At his best, however, Corn has a wonderful facility with form and phrasing, and the intellectual's gift for absorbing and making information immediately available. His good poems fix on the object, locate the place, focus an actual, articulate emotional source. In "The Village," likely Stonington, The milky, byword fog Blows in, punctuated now And then by dim C-sharps Out past the breakwater, the gamut Changeless as that half-ellipse Fanlight cut under the gables Of every Federal House On Main or Water Street. In "The Progress of Peace," the poet watches Milkweeds in flower, each with a monarch Pinned to it, divine right of laziness, The disbelieving suspension of will, Prone, supine -- it's no way to deliver The gods, themselves underachievers, but Who shed for this day (as though they were kings) Distilled light like a spirit glaze on things. And in poems such as "Grass" and "A Bid," he avoides any trace of rhetorical chat that might exhaust the subject before letting go of the language. These two poems in particular raise the ante on what talk, as direct address, can be in a poem, how even in the middle of the action the mind is sorting and selecting and converting -- "If certain moonstruck nights suddenly a tree/ Answers to the winds by having all its leaves/ Turn coinlike silver with a quick glissando/ Up the same shimmering scale, reflexively/ Harmonized as a school of herring . . . well, that/ Kind of choreography's too difficult, Granted . . . . " Corn is a committed formalist, which means that he perceives the world not only in language but as language. He sees it in the very speech of symbolization. That is why the risk in his work is always toward verbal excess or cleverness. Words live in the world as well; they depend, like birds and beachstones, on the resources of gravity. In his book's longest poem, "The Outdoor Amphitheater," Corn frees himself in order to extend himself. For more than 350 lines the poet explores and entertains "those first scenes, lapidary, paintbox bright" that help qualify his past -- whether he is on stage, as an 8-year-old alto, or watching his sister crowned beauty queen, "odd but touching, there, out of doors." In this piece more than any other he becomes "the spectator,/Taking it all in." The poem moves at the speed of the mind in recitation, over primary emotional material, making the hard choices about what the words should be and where they come from.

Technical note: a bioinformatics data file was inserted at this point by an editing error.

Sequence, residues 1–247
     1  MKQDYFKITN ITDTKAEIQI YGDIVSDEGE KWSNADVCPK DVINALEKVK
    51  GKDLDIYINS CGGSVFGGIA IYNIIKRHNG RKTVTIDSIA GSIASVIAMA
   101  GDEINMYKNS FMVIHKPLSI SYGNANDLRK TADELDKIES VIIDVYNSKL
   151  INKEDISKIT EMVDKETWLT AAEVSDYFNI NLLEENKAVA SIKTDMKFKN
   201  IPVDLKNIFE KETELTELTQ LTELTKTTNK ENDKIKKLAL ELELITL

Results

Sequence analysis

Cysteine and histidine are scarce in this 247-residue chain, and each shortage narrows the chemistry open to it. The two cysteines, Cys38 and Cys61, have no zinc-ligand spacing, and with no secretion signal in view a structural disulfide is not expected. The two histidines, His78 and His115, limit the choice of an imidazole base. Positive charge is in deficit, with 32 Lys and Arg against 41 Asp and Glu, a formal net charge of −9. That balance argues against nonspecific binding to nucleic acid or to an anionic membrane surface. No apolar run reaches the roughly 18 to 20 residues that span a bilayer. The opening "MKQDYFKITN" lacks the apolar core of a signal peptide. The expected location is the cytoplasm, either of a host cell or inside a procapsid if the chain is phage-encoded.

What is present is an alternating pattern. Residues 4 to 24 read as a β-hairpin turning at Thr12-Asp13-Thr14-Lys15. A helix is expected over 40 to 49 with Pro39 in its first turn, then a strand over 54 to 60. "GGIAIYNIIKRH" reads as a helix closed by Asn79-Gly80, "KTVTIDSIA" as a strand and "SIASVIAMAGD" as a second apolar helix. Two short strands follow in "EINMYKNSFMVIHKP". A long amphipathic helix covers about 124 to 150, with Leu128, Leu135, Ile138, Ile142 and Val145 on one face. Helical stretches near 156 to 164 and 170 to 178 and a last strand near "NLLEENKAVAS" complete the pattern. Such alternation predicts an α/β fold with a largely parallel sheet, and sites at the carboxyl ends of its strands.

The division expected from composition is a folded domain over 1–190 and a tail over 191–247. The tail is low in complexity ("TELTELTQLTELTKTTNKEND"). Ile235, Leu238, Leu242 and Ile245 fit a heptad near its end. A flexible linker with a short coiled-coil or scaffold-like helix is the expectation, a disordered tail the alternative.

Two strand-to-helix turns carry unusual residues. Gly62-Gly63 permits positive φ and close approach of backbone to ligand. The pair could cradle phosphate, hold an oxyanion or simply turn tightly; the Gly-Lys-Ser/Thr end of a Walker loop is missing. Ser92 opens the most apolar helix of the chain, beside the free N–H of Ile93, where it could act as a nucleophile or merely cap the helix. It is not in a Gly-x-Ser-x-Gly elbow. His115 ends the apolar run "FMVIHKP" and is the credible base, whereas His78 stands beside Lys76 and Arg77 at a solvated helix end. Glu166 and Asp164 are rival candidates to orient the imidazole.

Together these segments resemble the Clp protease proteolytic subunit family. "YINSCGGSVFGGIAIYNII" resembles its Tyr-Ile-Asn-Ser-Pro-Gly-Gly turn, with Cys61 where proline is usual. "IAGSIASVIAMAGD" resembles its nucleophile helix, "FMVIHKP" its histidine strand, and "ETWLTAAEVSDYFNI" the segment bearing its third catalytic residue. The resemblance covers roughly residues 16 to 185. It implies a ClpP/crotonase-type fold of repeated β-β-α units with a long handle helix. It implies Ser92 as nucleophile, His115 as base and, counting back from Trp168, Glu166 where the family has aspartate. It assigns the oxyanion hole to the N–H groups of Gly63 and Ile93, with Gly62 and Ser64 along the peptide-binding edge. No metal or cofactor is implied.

With Taking Notice (Knopf, $9.95; paperback, $5.95), Marily Hacker has written what constitutes the last volume in a trilogy. Her concerns are basically the same -- esthetic and sexual confrontation -- as they were in Presentation Piece and Separations . It is their sequence that swells a progress. Their titles, effectively, speak for themselves. The first book is an introduction to and exploration of relationships, friendly and familial; the second centers on the difficulty and eventual disintegration of a long-distance marriage. This third book, a taking and nailing-up of notice, begins with "one man, not some indifferent Must to me" and ends with "the woman I love, as old, as new to me/as any moment of delight."